Another busy year at Lerwick Harbour in 2004
25th January 2005
Last year saw record numbers of passengers using the port, an upturn in landings and value of white and pelagic fish, and growth in cargo handled for the offshore oil and gas industry, while there were decreases in some other sectors.
Passenger traffic reached a new record - up 17% to 148,795, with roll-on/roll-off ferry passengers increasing by 15% to 128,043 and the popularity of Lerwick as a port-of-call for cruise ships seeing an increase of 30% in passengers to 20,752.
A total of 108,877 tonnes of fish, valued at £36.6 million were landed in 2004, up 5% on volume and 22% on value, with the increase in white fish landings particularly encouraging - up 28% in volume to 6,442 tonnes and 38% in value to £6.9 million. The average price per tonne for white fish also increased - by 7% to £1,077 per tonne.
There was also a small increase in oil-related activity at Lerwick last year, due in part to servicing the Clair Field development.
The figure for all cargoes handled was down 5% to 872,472 tonnes, partly due to less salmon feed coming in and a reduction in farmed salmon shipped out.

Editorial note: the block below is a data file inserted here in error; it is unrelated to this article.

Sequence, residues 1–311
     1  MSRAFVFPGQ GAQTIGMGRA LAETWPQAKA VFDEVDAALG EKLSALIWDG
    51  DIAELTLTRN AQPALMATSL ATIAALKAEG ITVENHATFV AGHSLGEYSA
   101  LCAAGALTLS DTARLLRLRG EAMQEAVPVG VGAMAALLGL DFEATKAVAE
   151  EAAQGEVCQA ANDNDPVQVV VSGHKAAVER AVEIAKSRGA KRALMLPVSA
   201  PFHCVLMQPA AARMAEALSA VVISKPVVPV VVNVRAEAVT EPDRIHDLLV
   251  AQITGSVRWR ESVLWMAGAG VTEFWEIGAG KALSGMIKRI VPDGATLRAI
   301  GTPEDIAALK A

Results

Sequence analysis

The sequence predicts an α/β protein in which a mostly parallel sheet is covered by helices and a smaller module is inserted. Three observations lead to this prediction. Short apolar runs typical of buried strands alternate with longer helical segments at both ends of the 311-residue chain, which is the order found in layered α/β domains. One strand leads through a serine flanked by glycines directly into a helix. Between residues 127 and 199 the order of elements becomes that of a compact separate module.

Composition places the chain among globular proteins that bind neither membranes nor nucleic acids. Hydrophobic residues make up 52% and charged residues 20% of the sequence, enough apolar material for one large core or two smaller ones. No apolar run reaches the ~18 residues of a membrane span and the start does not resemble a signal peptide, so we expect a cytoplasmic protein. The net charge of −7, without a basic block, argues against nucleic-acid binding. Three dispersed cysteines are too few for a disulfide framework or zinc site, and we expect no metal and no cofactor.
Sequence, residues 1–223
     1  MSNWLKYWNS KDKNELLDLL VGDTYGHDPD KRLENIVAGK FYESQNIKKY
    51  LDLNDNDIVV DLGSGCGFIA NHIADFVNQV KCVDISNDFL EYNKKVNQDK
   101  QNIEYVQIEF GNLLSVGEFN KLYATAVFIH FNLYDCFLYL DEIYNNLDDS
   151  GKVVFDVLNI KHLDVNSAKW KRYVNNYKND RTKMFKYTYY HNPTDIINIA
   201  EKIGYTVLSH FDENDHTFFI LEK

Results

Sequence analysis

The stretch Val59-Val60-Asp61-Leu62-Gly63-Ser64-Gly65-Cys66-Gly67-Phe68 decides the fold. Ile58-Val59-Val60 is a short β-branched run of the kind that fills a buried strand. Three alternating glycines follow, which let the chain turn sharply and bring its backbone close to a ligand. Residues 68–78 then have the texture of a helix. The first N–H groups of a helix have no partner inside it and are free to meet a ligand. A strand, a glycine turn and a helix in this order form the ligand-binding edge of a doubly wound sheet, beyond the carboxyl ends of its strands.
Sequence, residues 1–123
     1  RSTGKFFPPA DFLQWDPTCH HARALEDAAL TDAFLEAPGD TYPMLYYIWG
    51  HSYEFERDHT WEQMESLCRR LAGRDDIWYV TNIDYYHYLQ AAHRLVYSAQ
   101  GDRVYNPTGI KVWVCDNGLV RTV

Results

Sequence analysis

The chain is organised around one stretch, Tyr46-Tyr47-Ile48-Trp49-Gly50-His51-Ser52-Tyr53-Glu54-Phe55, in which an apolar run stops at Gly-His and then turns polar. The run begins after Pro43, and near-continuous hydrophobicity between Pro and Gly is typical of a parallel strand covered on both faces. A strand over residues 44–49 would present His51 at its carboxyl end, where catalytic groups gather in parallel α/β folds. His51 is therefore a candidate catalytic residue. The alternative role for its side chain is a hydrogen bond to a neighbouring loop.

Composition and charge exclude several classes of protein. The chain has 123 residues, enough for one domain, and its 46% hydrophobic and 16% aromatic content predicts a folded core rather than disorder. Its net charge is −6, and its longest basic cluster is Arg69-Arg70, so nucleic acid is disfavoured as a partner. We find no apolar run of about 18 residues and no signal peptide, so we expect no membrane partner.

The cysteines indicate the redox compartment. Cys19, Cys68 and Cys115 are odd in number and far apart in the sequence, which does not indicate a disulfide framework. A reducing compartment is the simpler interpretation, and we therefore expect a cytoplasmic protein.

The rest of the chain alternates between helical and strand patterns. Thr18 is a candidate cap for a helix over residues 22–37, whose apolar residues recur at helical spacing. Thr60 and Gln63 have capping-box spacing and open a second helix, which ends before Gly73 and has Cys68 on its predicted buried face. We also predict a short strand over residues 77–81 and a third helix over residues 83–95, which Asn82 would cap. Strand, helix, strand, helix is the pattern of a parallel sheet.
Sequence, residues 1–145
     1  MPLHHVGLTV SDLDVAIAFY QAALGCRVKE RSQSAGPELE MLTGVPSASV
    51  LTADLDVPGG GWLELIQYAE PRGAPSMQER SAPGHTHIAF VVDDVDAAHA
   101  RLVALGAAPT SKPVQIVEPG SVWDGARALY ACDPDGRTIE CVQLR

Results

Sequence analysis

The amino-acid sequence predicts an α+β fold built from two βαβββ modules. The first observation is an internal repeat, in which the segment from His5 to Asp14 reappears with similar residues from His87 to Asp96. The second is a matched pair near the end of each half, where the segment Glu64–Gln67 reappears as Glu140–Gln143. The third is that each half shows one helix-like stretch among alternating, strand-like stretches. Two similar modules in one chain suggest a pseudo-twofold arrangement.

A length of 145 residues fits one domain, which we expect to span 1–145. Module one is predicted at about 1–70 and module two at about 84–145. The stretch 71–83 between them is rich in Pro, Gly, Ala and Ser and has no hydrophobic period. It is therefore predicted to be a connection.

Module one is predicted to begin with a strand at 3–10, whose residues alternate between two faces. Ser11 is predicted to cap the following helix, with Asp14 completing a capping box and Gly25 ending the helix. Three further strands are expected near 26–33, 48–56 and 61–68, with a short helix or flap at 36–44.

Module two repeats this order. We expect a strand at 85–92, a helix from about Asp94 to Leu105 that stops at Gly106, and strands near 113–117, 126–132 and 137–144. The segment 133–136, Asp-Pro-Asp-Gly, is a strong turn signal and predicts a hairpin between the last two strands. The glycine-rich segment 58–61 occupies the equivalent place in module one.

Factors behind a fall in the number and tonnage of vessels using the port included the shipping industry’s continuing trend in using larger and fewer vessels and a downturn in the total of fishing vessels and of live fish carriers for the salmon-farming sector. Overall, vessel arrivals were down 7% at 5,195, while the tonnage fell 2% to 12,753,185 gross tonnes.
The principal reason behind the decrease in the tonnage of shipping was the ending of roll-on/roll-off services to Orkney and mainland Scotland by Norse Island Ferries and the reduced frequency of calls by Smyril Line in the autumn.
The number of Pilotage movements in-and-out of the harbour was up 14% to 960, reflecting the increase in larger vessels using the port, including refrigerated reefer ships calling at Shetland Catch and oil-related vessels.
Lerwick Port Authority Chief Executive, Allan Wishart, said: “Diversity of traffic is one of the port’s strengths, but it does also mean that a variety of factors – positive and negative - impact on activity, as is shown by the reasons behind last year’s figures.
“While this will continue to be the case, we can look forward in 2005 to another busy season for cruise ships, the start of many years’ involvement in a major offshore decommissioning contracts, and a further increase in pelagic activity at Shetland Catch.”